• 300,000 Brits are currently using CBD
  • Anxiety and insomnia are two popular medical conditions CBD is used to treat
  • American researchers have new evidence to support the use of CBD to treat both anxiety and insomnia
  • 79.2% of patients with anxiety and 66.7% of patients with sleep issues experienced an improvement

Cannabidiol (CBD) is quickly becoming one of the most popular ‘herbal remedies’ on the British market.

An estimated 300,000 Brits are already using CBD to help treat a variety of medical conditions. Anxiety and insomnia are among the most popular conditions people are using the legal medical cannabis drug for, but does CBD really help treat these two conditions?

A new study, published in The Permanente Journal, has found strong evidence to support the claim that CBD can be used to help to treat both of these conditions.

Researchers from Colorado studied 103 adult patients with documented problems with anxiety and sleep quality, before choosing a final sample of 72 adults with primary concerns of anxiety (47) or poor sleep (25) for the investigation.

Nearly all the patients were provided with 25mg of CBD in capsule form. Patients displaying high anxiety were given doses every morning, after breakfast, while those struggling with sleep complaints were dosed every evening, after dinner.

A handful of patients were given larger doses of CBD (either 50/75mg a day or 75mg/d). One patient with a history of trauma and schizoaffective disorder was actually given a much larger dose of CBD, which was gradually increased to 175 mg/d (giving further credence to the argument that CBD can be used to treat psychosis).

The majority of the patients continued to take their pharmaceutical psychiatric medications alongside the CBD treatment. Patients treated with CBD were reviewed monthly by medical professionals.

By the second monthly follow-up, 41 patients (56.9%) remained on CBD treatment and completed assessments; 27 patients (37.5%) remained on CBD treatment at the third monthly assessment.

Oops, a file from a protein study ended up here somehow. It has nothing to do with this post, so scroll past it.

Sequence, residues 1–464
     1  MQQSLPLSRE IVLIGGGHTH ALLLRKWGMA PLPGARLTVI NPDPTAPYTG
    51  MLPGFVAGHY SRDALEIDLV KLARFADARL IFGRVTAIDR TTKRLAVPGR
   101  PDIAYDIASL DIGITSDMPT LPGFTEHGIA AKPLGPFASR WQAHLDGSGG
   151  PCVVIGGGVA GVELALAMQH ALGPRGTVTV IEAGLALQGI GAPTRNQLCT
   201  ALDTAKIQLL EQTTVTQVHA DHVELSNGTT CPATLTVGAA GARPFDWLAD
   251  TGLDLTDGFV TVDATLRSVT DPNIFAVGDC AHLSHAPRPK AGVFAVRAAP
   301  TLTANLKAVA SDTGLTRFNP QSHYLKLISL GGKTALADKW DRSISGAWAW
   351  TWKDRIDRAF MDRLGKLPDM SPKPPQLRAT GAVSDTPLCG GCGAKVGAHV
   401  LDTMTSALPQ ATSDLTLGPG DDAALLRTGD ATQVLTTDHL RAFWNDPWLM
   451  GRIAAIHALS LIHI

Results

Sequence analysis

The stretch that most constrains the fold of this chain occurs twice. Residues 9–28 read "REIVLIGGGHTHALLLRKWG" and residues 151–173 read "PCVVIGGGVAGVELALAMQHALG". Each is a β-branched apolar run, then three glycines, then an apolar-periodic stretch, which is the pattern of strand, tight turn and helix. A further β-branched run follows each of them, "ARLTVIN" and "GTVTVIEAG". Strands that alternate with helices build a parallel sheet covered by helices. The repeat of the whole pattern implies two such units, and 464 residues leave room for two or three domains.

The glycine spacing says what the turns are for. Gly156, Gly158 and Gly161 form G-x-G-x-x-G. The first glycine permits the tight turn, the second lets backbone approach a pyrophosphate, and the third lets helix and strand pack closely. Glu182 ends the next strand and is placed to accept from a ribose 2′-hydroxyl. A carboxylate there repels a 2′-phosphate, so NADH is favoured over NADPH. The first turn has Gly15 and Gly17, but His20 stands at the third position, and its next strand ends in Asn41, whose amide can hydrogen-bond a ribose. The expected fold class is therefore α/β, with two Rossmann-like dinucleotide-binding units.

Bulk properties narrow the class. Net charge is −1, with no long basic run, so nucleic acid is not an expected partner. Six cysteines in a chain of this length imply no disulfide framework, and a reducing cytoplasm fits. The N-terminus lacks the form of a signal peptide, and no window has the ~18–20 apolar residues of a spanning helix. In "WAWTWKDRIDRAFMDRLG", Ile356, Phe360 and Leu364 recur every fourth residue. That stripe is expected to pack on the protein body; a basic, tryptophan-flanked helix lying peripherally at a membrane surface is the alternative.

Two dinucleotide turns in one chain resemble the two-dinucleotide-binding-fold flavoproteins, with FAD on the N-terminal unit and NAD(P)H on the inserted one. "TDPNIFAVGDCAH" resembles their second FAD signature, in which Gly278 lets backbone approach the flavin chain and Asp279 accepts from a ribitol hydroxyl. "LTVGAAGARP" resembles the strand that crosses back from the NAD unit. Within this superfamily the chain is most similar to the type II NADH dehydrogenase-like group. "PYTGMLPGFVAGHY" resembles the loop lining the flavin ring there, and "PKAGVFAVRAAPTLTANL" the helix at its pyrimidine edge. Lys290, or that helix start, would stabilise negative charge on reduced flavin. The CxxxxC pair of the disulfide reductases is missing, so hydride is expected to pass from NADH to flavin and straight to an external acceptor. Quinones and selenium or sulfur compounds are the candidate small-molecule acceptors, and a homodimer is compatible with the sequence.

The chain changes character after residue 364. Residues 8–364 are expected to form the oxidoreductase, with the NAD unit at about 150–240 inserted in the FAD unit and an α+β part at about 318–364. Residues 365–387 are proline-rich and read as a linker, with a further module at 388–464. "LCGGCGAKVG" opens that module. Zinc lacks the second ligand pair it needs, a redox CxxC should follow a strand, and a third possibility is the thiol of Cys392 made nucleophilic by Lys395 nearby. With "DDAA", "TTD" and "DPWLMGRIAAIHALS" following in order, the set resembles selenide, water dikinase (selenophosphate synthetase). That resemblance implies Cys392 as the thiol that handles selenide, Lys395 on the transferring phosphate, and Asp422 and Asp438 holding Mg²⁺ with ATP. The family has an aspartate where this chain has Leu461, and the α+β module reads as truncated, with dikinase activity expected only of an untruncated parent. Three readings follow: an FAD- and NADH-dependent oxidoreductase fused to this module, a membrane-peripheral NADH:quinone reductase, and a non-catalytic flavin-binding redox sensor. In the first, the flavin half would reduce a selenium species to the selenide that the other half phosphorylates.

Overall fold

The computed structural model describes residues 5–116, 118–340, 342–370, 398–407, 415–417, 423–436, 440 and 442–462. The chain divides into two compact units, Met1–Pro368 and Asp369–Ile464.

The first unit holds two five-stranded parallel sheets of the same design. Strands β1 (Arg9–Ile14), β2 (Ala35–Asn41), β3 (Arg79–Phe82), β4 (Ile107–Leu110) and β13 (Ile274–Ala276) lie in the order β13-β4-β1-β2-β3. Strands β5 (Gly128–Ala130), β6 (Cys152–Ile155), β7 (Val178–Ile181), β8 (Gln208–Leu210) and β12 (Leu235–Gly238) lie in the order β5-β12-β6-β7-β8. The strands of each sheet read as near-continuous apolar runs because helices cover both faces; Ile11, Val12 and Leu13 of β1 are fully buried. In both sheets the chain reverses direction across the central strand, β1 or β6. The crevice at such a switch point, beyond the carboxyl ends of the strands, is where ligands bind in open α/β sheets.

On average, anxiety and sleep improved for most patients, and these improvements were sustained over time.

At the first monthly assessment after the start of CBD treatment, 79.2% (57/72) of patients with anxiety and 66.7% (48/72) of patients with sleep issues experienced an improvement in anxiety and sleep.

However, 15.3% (11/72) and 25.0% (18/72) experienced worsening symptoms in anxiety and sleep, respectively.

Two months after the start of CBD treatment, 78.1% (32/41) and 56.1% (23/41) of patients reported improvement in anxiety and sleep, respectively, compared with the prior monthly visit.

Again, 19.5% (8/41) and 26.8% (11/41), respectively, reported worsening problems as compared with the prior month.

Overall, there was a greater decrease in anxiety scores than in sleep scores. The sleep scores demonstrated mild improvement. The anxiety scores decreased within the first month and then remained decreased during the study duration.

The study’s authors concluded that CBD “appears to be better tolerated than routine psychiatric medications,” although further randomised and controlled trials will be needed before definitive conclusions can be made.

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